by Polly Keary, Editor
- Monroe Monitor -
After a year and a half of pursuing collaborations with other hospitals and two collapsed partnership deals, Valley General Hospital announced last week that it is prepared to enter a deal with EvergreenHealth of Kirkland.
The partnership will be an affiliation, a much less far-reaching level of partnership than the previous two proposals had been.
But the CEOs of both organizations last week said they believe it will help Valley General survive without reducing services, and will in fact mean more and better health care options in the valley, including more primary care.
Since Valley General put out a request for partnership proposals in February of 2011, Providence Everett proposed making VGH a Providence hospital before withdrawing from talks in August of that year, and Capella, a for-profit organization based in Tennessee, proposed a 40-year lease of the hospital and an infusion of as much as $30 million before withdrawing from talks in April of this year.
Evergreen is not proposing a lease of the hospital, or a takeover, but rather a modest investment for now that could expand into a more robust partnership in the future.
“The idea is that we remain separate organizations, but we have a strong affiliation with Evergreen, where we get to take advantage of their economies of scale and services and they establish a relationship with us,” said interim Valley General CEO Michael Fraser. “A number of their employees and patients come from this area, and this is an opportunity for greater coordination of care.”
Fraser believes the relationship will shore up the hospital’s finances, which have been in steady decline for years due largely to having the third highest rate of unpaid care among state hospitals, combined with the lowest levy rate in the state, currently at 12 cents per $1,000 of assessed property value. Evergreen’s levy rate, including bonds, is just under 50 cents.
Because Evergreen is a much larger hospital than Valley General, (Evergreen has 275 beds; VGH has 51 in use) it can buy supplies in bulk, and VGH can benefit from the savings. Also, the two hospital CEOs, including Bob Malte of Evergreen, said that they anticipate new efficiencies that will save money, such as streamlining invoicing and eliminating duplication of services.
But Evergreen doesn’t plan to reduce the services VGH offers, said Malte.
“The intention for affiliation is to keep the services in the community in the community, not to take them out of the community,” he said.
Levy part of plan
Part of the plan to stabilize the hospital financially includes a levy, which Fraser said the hospital probably will run next year.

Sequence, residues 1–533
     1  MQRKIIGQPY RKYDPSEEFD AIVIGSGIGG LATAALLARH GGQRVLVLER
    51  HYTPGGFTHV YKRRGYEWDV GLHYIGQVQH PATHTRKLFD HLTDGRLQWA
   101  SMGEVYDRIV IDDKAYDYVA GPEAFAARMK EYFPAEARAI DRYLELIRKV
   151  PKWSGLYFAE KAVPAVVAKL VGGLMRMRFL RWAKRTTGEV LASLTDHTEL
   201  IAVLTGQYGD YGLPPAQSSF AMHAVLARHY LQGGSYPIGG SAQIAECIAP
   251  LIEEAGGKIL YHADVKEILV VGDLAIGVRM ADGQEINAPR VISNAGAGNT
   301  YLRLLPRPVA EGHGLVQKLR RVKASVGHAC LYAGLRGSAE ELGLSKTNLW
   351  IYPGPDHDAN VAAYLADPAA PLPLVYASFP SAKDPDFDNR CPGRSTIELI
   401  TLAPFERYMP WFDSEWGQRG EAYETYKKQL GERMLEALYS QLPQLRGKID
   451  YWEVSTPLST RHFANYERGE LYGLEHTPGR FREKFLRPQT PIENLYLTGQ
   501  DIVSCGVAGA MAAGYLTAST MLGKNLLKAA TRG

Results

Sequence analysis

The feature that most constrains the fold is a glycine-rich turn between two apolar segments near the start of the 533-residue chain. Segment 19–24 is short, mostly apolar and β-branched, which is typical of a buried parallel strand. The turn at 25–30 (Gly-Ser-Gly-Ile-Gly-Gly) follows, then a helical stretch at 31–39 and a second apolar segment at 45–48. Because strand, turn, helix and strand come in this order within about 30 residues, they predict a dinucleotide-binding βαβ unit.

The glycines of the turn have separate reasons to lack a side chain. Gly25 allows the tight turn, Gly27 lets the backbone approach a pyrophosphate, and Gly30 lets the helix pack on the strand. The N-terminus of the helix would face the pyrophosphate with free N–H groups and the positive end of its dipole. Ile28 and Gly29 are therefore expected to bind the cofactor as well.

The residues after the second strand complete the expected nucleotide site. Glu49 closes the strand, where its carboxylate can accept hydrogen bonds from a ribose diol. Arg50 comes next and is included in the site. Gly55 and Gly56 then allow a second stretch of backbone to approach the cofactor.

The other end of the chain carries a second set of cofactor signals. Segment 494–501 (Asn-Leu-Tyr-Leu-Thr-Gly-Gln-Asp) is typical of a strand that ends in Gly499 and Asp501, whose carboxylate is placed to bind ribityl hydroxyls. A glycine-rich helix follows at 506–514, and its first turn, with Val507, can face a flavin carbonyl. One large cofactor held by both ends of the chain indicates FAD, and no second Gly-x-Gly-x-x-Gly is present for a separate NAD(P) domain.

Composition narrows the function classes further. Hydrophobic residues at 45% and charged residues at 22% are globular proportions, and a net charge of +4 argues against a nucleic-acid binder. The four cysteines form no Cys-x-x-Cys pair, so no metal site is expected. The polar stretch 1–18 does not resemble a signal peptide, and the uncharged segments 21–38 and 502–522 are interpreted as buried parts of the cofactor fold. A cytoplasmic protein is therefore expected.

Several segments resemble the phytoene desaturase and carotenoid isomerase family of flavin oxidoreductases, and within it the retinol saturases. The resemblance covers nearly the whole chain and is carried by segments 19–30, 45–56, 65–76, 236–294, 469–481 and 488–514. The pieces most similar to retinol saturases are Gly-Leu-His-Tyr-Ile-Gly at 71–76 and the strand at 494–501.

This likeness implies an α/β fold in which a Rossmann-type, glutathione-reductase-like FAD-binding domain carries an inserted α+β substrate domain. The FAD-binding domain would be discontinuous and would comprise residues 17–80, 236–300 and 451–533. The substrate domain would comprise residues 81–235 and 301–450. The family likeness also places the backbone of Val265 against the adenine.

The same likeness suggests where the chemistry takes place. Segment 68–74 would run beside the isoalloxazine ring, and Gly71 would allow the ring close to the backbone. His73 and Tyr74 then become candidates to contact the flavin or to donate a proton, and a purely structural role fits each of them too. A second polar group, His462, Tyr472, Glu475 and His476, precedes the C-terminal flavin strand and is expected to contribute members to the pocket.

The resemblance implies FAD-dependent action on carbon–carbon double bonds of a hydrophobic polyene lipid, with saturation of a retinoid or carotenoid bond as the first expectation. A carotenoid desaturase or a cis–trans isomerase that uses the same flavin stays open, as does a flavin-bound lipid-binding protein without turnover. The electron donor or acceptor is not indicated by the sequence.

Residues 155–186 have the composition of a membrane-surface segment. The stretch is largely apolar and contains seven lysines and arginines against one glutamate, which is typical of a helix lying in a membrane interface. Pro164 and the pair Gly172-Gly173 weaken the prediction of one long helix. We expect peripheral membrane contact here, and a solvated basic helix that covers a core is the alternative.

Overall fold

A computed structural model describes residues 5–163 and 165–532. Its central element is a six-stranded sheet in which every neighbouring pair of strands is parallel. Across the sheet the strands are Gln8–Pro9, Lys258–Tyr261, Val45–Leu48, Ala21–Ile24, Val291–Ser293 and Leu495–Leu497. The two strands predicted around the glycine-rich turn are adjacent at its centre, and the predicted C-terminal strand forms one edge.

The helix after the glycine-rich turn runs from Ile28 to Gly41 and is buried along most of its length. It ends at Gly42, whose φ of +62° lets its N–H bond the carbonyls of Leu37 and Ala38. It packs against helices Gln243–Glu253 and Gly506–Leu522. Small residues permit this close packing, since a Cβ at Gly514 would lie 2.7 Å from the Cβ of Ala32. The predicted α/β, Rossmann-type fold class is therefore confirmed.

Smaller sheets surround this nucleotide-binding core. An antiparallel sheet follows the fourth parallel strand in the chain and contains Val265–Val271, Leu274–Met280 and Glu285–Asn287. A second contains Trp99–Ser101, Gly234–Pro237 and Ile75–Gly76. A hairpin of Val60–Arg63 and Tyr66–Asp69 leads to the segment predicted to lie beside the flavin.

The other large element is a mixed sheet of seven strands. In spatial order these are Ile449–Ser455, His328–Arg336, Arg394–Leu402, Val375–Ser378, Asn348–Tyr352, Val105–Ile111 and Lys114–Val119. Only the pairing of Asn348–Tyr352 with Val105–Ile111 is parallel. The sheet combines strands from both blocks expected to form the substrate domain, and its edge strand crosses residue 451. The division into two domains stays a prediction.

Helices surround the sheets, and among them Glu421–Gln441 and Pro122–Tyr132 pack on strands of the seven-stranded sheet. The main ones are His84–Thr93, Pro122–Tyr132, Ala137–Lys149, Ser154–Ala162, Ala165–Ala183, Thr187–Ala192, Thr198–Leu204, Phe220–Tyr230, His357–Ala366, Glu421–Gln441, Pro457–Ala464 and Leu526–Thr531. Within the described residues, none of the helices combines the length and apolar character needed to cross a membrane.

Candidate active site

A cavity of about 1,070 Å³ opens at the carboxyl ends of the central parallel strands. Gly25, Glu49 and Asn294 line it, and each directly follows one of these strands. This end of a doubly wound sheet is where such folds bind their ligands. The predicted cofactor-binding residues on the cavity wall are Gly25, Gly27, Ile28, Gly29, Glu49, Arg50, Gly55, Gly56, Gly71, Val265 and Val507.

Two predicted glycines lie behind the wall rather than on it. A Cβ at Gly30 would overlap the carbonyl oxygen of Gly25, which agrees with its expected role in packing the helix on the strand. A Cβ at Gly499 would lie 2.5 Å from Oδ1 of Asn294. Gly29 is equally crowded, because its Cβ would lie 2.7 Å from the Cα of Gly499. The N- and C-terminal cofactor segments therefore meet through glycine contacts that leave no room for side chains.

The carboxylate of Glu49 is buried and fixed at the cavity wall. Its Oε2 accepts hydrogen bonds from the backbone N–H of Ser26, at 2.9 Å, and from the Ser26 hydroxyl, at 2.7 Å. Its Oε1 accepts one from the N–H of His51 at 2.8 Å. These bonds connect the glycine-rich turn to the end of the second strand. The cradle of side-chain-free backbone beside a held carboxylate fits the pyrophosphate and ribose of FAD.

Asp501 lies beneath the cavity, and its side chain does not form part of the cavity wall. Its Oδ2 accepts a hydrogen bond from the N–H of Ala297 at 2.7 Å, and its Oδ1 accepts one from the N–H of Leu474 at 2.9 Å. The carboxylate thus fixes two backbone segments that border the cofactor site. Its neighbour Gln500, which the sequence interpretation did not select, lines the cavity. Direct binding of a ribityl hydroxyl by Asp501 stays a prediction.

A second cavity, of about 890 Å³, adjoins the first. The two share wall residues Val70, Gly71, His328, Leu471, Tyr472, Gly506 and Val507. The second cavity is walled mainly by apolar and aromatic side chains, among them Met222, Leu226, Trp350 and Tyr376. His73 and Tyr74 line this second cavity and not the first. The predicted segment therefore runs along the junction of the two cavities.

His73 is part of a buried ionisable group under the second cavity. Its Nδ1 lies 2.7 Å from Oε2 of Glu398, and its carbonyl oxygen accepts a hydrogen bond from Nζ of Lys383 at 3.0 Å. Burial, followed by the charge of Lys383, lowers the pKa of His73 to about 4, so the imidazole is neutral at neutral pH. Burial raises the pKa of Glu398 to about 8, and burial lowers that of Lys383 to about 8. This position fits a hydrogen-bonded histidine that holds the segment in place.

But the deal doesn’t depend on the levy, he said.
“The thing that pleases me with Evergreen, they are willing to work with us through those challenges,” he said.
Evergreen, like Monroe, is a taxpayer-owned hospital, so they can’t use their public funds to subsidize another hospital.
But if a levy doesn’t pass, Evergreen will stay involved, although services at VGH could be modified, said Fraser. They are committed to continuing to offer inpatient care at VGH, they said.
Even if the levy does pass, money from the tax increase won’t be available until late 2013, meaning VGH will have to continue to make deep cost cuts until then, Fraser wrote in a recent message to staff.
New services, doctors
Evergreen does plan to offer new services in Monroe, as well as expanded ease of access to Evergreen’s services, including services offered by Evergreen’s other partners, Seattle Cancer Care Alliance and Virginia Mason.
Monroe is short of primary care physicians, said Malte, and this week Evergreen plans to begin a search for two to practice out of the Sky River Medical Center next to the hospital. It usually takes about six months to find a doctor, so the hospital wanted to get started right away, said Malte.
Before Capella pulled out, The University of Washington considered joining the deal in order to provide Monroe with primary care doctors, as they can help funnel patients to specialists at the larger organization.
Even though Providence Everett recently announced plans to build a $22 million medical facility on North Kelsey, which will include 16 primary care doctors, Malte says there is room for more due to an aging population and the coming health care reforms that will mean many more insured people increasing the demand for doctors.